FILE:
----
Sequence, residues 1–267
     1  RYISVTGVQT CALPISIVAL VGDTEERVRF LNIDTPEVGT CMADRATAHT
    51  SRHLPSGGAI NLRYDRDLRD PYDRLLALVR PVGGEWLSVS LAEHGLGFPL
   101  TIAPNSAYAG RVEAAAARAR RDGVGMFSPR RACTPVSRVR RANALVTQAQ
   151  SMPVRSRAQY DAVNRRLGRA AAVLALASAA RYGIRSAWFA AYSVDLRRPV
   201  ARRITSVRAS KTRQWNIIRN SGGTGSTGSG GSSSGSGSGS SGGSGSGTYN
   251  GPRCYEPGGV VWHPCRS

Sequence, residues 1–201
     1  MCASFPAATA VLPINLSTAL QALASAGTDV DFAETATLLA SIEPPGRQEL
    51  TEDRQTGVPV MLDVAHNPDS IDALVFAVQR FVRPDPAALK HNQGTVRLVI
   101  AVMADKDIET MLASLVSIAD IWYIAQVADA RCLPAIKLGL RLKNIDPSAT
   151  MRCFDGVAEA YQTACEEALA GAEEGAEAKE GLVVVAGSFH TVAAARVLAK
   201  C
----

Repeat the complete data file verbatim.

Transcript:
Sequence, residues 1–267
     1  RYISVTGVQT CALPISIVAL VGDTEERVRF LNIDTPEVGT CMADRATAHT
    51  SRHLPSGGAI NLRYDRDLRD PYDRLLALVR PVGGEWLSVS LAEHGLGFPL
   101  TIAPNSAYAG RVEAAAARAR RDGVGMFSPR RACTPVSRVR RANALVTQAQ
   151  SMPVRSRAQY DAVNRRLGRA AAVLALASAA RYGIRSAWFA AYSVDLRRPV
   201  ARRITSVRAS KTRQWNIIRN SGGTGSTGSG GSSSGSGSGS SGGSGSGTYN
   251  GPRCYEPGGV VWHPCRS

Sequence, residues 1–201
     1  MCASFPAATA VLPINLSTAL QALASAGTDV DFAETATLLA SIEPPGRQEL
    51  TEDRQTGVPV MLDVAHNPDS IDALVFAVQR FVRPDPAALK HNQGTVRLVI
   101  AVMADKDIET MLASLVSIAD IWYIAQVADA RCLPAIKLGL RLKNIDPSAT
   151  MRCFDGVAEA YQTACEEALA GAEEGAEAKE GLVVVAGSFH TVAAARVLAK
   201  C